Biomarkers have become an integral part of clinical practice in some spheres of neurology, such as dementia where they are enshrined in diagnostic criteria for Alzheimer’s disease as part of a clinico-biological (as opposed to an older clinico-pathological) definition of disease. The hope is that identification of disease in preclinical phases using predictive biomarkers may facilitate preventative treatment. But objections may be raised, for example to medicalising those who are currently well. The ethics of biomarker use in neurological and psychiatric disorders is explored in this volume by Matthew Baum, a Harvard MD-PhD trainee.
Addressing the bioprediction of brain disorder, the author argues for a reorientation of the medical concept of “disorder”, rejecting the old binary or categorical formulation (disorder/normalcy) in favour of a probabilistic model based on present and future risks of harm. This is justified in part by the belief, undoubtedly true, that “There is no a priori justification for believing that biomarkers will map cleanly onto diagnostic categories arrived at by historical accident” (p. 46). The result is a proposal for a “probability dysfunction” model in which disorders are conceptualised as graphs of probability over time, the area under which would help to separate out self-limiting disorders from those with low probabilities of harm over longer time periods.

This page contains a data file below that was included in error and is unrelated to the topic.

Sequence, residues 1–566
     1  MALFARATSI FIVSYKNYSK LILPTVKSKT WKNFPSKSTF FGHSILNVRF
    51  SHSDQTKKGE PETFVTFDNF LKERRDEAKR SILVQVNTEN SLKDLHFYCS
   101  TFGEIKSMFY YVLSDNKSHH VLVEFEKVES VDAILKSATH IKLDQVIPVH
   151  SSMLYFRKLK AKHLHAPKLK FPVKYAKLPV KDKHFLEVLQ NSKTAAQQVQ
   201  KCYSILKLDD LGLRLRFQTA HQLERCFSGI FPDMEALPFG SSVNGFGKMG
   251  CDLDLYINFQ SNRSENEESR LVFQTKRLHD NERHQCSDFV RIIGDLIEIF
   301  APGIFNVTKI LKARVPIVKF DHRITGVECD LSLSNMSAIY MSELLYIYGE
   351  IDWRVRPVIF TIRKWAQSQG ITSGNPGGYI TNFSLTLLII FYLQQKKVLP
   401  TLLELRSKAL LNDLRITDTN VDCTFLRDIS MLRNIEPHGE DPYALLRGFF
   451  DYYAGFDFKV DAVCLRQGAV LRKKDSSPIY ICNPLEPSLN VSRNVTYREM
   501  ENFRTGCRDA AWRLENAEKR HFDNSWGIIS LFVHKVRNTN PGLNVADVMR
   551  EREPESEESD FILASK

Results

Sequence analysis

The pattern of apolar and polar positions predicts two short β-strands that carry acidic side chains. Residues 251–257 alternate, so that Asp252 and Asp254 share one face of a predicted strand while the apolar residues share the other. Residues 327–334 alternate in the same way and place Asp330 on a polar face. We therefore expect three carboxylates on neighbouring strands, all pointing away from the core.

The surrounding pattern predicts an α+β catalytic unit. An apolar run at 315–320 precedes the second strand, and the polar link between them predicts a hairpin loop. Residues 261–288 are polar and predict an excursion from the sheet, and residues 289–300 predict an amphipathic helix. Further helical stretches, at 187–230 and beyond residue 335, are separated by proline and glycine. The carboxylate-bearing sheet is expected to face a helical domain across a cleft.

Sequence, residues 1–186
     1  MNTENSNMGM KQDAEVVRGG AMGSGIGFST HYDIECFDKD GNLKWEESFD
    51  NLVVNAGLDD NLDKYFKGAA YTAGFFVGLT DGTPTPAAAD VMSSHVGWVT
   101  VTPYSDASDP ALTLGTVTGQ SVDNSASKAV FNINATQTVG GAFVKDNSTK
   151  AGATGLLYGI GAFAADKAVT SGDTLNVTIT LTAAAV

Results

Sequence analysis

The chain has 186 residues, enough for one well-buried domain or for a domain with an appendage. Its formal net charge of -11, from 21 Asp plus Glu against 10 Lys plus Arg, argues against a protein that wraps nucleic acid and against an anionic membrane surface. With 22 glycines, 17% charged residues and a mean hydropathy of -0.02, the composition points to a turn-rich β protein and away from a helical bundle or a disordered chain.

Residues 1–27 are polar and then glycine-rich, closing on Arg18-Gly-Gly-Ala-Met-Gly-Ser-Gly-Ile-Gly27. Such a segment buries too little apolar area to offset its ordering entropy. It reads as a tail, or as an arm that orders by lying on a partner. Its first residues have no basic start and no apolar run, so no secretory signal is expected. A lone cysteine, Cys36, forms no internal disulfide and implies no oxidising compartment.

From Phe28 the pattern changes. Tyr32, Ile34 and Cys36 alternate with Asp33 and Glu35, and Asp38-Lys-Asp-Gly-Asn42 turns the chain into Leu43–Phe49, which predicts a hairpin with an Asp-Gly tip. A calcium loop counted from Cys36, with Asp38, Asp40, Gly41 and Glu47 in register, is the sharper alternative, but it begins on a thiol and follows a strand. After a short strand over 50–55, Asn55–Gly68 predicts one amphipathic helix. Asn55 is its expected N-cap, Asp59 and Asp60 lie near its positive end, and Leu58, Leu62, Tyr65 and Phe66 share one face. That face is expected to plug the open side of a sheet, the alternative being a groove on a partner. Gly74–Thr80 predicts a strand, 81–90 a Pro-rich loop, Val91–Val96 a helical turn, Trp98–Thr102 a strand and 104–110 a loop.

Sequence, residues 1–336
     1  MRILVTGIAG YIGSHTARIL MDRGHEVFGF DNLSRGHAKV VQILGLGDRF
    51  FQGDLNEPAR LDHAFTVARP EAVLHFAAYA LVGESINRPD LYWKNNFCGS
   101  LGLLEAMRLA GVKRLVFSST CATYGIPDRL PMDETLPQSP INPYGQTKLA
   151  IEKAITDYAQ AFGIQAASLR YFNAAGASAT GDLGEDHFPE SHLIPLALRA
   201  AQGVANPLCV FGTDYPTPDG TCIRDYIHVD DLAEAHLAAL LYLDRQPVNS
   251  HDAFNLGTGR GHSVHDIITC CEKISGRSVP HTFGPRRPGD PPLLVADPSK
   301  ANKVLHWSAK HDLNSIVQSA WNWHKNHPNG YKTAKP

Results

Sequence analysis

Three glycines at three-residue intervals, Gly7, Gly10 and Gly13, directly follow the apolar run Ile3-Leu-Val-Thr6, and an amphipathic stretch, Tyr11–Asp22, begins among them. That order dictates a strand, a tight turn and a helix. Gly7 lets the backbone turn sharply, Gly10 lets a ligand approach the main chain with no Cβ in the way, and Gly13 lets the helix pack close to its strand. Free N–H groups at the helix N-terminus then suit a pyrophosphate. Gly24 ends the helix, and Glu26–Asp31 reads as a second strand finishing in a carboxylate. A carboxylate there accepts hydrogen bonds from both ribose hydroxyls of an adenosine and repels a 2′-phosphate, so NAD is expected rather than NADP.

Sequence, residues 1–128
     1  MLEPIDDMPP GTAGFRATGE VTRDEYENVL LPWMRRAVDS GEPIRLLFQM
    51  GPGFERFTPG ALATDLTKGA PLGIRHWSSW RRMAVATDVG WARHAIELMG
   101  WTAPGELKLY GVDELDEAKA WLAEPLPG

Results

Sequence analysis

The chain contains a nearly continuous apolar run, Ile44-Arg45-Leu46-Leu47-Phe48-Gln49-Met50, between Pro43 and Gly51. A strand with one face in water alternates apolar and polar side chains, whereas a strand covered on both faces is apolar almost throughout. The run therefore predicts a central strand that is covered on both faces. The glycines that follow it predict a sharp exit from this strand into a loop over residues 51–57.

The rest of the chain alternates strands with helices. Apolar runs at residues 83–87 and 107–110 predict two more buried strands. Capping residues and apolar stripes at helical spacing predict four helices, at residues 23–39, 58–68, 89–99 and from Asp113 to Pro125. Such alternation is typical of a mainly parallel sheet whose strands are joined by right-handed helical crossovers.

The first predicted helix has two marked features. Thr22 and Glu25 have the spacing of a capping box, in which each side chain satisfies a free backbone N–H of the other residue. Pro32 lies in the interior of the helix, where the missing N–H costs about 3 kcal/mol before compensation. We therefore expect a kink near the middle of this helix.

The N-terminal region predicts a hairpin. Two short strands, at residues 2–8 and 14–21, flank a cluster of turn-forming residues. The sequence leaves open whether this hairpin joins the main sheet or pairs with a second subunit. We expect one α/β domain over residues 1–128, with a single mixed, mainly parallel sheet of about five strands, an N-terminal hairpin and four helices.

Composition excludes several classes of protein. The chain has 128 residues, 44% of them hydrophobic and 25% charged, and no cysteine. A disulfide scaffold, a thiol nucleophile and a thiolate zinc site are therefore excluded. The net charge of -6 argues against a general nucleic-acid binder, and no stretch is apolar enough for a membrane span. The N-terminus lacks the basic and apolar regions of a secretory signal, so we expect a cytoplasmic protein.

“Risk banding”, based on the shape of the probability function, is the strategy advocated to determine the necessity or otherwise for response. This is illustrated with respect to bioprediction of future psychotic episodes and dementia (Chapter 5). This “risk of harm” approach is not seen as a fracture with past practice, since “Diagnosis is application of heuristic categories that capture a risk of harm associated with biological variation” (p. 125). The probabilistic claims of biomarkers may be used as a form of Bayesian updating. But will patients accept this reformulation?
This thought-provoking book will particularly appeal to those of a philosophical bent, rather than those who just want to know about biomarkers. It is not a book for dipping into during the interstices of the outpatient clinic, although the author must be commended for making the material accessible, his text is highly readable (and sometimes funny). Some clinicians will perhaps have little interest in the ramifications of predictive biomarkers for legal practice and societal distributive justice (when is biopredicted risk morally significant?), although even here there are interesting learning points: the discus- sion of prediction of seizures and driving is particularly pertinent. Furthermore, I was amazed to learn that in law the appeal to the “reasonable man” is regarded as an “objective” test, although the author rightly points out that this is almost always subjective in that it relies “almost exclusively on common sense and the persuasion of skilled law professionals to do this Bayesian updating” (p. 138). Whatever deficiencies there may be in medical (neurological) practice, at least we are attempting to put it on a research-based evidential footing.